Third Base: Jason Esposito (2009-2011)

During his time at Vanderbilt, Jason Esposito was a reliable hitter and good defensive third baseman who is known for his big-game performances for the Commodores. Esposito started every game in all three of his seasons on West End, making 196 appearances for Corbin and Vanderbilt. The third baseman earned All-Regional honors in three NCAA Tournaments, winning MVP in his final regional, and was a cornerstone on Vanderbilt’s first team to make the College World Series in 2011. He finished his Vanderbilt career with a .330/.405/.514 slash line and was a more-than-reliable player for three seasons. Following his Vanderbilt career, Esposito was selected by the Orioles in Round 3 of the 2011 MLB Draft.

 

Shortstop: Ryan Flaherty (2006-2008)

Ryan Flaherty was one of the most consistent infielders of the Corbin era. In each of his three seasons with the team, he slashed above .320, drove in at least 40 runs and missed no more than three games. Flaherty wasted little time making his mark in Nashville, playing in 62 games and leading the team in batting average as a first-year. The following year, his .969 fielding percentage and .381 batting average helped boost the Commodores to their third-ever SEC Tournament championship. Perhaps more impressive was the fact that he ended the season with a 35-game hit streak, the longest in school history. In a junior year in which he had little more to prove, Flaherty displayed refined strength and power, the only facet of his game that had been lacking, leading the team in home runs with 14. He was ultimately drafted 41st overall in 2008 by the Chicago Cubs and went on to play eight seasons in the MLB.

 

Outfield: Mike Yastrzemski (2010-2013)

Mike Yastrzemski elected to go to Vanderbilt instead of entering the MLB draft out of high school in 2009, and it paid off. In his freshman season, he posted a .260 batting average and finished with 11 extra-base hits. Throughout his sophomore year, he continued to produce and develop as a player— appearing in several high-stakes games such as the 2011 College World Series—and made many timely plays throughout the season. It was in his junior and senior years that he really took off, though. Yastrzemski was selected to the 2012 SEC All-Tournament Team before receiving First-Team All-SEC, SEC All-Defensive Team, NCBWA Third-Team All-American and ABCA Second-Team All-South Region honors. 

Chosen by the Baltimore Orioles in the 14th round of the 2013 MLB Draft, Yastrzemski spent six years in the minor leagues before being promoted to the majors in 2019. For the past three seasons, Yastrzemski has played with the San Francisco Giants, and in 2021, he was one of the final three candidates for a National League Gold Glove Award in right field.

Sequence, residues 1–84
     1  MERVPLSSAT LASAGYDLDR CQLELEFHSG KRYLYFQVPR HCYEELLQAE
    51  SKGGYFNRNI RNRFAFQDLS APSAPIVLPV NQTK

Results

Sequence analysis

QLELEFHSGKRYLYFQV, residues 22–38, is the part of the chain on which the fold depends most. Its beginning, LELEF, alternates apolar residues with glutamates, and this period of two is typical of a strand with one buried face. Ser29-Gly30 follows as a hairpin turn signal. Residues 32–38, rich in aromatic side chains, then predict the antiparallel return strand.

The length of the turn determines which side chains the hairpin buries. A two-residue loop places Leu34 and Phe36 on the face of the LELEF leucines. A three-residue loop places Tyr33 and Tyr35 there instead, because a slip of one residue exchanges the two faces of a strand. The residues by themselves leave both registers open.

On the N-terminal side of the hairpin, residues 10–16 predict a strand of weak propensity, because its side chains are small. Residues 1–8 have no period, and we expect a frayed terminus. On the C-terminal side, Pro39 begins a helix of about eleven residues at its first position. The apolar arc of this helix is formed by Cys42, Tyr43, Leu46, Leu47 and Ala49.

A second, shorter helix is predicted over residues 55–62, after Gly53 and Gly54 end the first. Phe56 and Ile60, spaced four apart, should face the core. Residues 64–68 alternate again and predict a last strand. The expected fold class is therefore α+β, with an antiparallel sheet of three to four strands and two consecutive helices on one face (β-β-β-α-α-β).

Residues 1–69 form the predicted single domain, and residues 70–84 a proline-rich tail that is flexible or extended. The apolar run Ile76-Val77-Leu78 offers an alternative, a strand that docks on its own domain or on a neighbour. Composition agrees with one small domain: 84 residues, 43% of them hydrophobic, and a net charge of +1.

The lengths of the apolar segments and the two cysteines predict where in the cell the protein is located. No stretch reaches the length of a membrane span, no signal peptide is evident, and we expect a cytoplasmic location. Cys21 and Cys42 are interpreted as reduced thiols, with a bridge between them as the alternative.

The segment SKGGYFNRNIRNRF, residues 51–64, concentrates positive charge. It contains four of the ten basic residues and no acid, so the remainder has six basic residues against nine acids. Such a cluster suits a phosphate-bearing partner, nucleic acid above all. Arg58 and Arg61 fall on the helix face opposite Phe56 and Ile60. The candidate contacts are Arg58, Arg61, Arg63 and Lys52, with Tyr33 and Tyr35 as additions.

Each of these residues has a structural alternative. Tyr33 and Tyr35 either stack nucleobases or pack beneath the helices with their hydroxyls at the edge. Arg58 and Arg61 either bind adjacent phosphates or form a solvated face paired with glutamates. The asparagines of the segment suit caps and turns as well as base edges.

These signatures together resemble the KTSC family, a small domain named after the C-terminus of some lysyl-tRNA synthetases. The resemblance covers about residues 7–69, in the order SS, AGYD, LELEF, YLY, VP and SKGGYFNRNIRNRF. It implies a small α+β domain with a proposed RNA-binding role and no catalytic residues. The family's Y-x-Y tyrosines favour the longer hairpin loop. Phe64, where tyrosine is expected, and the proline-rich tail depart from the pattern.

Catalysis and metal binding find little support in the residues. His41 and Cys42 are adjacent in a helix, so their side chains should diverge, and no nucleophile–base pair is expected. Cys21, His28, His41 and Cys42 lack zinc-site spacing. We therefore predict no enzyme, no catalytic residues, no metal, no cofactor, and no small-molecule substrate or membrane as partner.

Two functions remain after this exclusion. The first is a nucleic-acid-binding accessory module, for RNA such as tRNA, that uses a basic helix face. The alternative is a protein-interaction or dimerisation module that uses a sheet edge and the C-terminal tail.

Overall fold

Outfield: Dominic de la Osa (2005-2008)

Before Vanderbilt was widely recognized as a national baseball powerhouse, the 2007 Commodores put the program on the map with a season for the ages. Although mid-2000s stars David Price and Pedro Alvarez are much celebrated amongst Vanderbilt fans, oft-overlooked outfielder Dominic de la Osa was just as integral in Vanderbilt’s breakout. De la Osa bounced around from shortstop to left field in his first two seasons, but still started 111 games and put forth strong batting and fielding numbers. In his junior year, he found a permanent home in left field and proceeded to explode offensively with a .378 batting average, 20 home runs and 20 steals in 64 games. 

In that legendary 2007 season, de la Osa was named a First-Team All-American as Vanderbilt cruised to a 54-13 record—at the time, the best in program history. Despite being drafted in the 10th round of the 2007 MLB Draft by the Detroit Tigers, de la Osa returned for his senior season and continued to dominate at the plate. A rare four-year starter for the VandyBoys, de la Osa is still Vanderbilt’s career-leader in hits (300), at-bats (941), total bases (515) and RBIs (188). 

 

Outfield: Bryan Reynolds (2014-2016)

Brentwood native Bryan Reynolds broke into the VandyBoys starting lineup in his freshman year, when he was one of just three Commodores to play all 72 games on the way to Vanderbilt’s 2014 College World Series title. He batted over .300 in all three of his seasons, including hitting for more power in his junior year, in which he hit 13 home runs with a 1.064 OPS. After his stellar three-year career with the VandyBoys, Reynolds was picked in the second round of the 2016 MLB Draft by San Francisco. 

Reynolds made his major-league debut in 2019 for the Pittsburgh Pirates, and is now arguably the most exciting player on the team. He batted over .300 in both 2019 and 2021 and is coming off his first career All-Star Game appearance. Bryan Reynolds was an exciting staple of the VandyBoys from 2014-2016, and seems to still have the best years of his career ahead of him.

 

Designated Hitter: Austin Martin (2018-2020)

Austin Martin never settled into a single position in Corbin’s lineups, which made the designated hitter position a perfect spot to slot in one of Vanderbilt’s best contact hitters of all-time. While his career was cut short by COVID-19 and his eventual high draft selection, Martin’s name will forever be mentioned when discussing Vanderbilt’s 2019 College World Series. A member of every All-Freshman team you can think of during his first year, Martin recorded a hit in 47 of the 58 games he appeared in. He finished the season on a 10-game hitting streak and led the SEC with 22 stolen bases as well. His play didn’t dwindle once the postseason came around, either, as he led the Commodores with a remarkable .385 average in the 2018 NCAA Tournament before taking off his sophomore year. He was a Golden Spikes Award semifinalist in year two behind a .392 batting average, which he elevated to .424 against SEC opponents. He reached base in 37 consecutive games at one time in 2019 and set the program’s single-season record for runs scored with 87. His two home runs against Louisville in the College World Series stand out, and he was later selected fifth overall by the Toronto Blue Jays in the 2020 draft.